Assumption 2: Input and output are equal, and should be designed with matching pairs. Both output and input devices currently have data processing rates which can vary tremendously. This is quite different from the expectation both will operate at the same speed. The use of buffers initiated the realization output could, and should, be treated differently from input. Peter Chen’s innovations brought to light the differences between the creators of data and the consumers of data. Consumers of data generally want to see large amounts of information from different parts of the underlying database for comparison, and to eclectically extract the most useful information. Creators of data, on the other hand, focus on dealing with it, one process at a time. The goals of data creators (input) and data consumers (output) are completely different.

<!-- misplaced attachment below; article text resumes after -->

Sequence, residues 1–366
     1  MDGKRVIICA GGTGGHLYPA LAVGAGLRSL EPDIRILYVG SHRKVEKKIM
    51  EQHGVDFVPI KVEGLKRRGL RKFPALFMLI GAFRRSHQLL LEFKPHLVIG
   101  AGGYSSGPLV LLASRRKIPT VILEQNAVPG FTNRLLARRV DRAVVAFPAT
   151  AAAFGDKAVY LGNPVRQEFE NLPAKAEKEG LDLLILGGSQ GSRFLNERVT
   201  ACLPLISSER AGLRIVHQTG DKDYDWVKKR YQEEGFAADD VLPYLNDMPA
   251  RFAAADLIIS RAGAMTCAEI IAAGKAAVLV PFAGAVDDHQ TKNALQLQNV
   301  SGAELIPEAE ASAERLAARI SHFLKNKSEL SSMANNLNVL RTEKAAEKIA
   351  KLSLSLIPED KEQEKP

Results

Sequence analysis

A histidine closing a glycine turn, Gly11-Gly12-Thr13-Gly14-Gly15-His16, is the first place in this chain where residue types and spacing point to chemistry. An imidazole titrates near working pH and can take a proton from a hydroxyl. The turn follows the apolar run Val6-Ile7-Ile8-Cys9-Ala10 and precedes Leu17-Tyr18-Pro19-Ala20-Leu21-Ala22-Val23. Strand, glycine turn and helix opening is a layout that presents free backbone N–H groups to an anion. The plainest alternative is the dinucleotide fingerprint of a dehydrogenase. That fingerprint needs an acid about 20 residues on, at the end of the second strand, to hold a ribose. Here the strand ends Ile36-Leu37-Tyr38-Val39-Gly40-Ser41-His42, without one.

Assumption 3: The organization of a business should be reflected in its computer programs. With the use of buffers and a relational database, the notion “programs” should imitate a company’s structure gradually shifted. The more flexible databases took over the role of providing a useful structure for businesses to follow, while gathering and processing information. A modern data model will reflect both the organization of a business and the tools used to realize it’s goals.

SQL and Data Architecture

Codd’s relational approach resulted in the Structured Query Language (SQL), becoming the standard query language in the 1980s. Relational databases became quite popular and boosted the database market, in turn causing a major loss of popularity for hierarchical database models.